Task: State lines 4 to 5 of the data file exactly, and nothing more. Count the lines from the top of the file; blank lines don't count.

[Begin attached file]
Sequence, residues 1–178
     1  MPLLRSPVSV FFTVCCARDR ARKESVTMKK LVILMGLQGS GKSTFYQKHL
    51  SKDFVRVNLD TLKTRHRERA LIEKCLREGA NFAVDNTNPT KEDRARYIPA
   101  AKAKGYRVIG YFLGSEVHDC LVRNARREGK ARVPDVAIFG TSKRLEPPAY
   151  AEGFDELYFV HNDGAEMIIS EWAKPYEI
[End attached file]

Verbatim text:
   101  AKAKGYRVIG YFLGSEVHDC LVRNARREGK ARVPDVAIFG TSKRLEPPAY
   151  AEGFDELYFV HNDGAEMIIS EWAKPYEI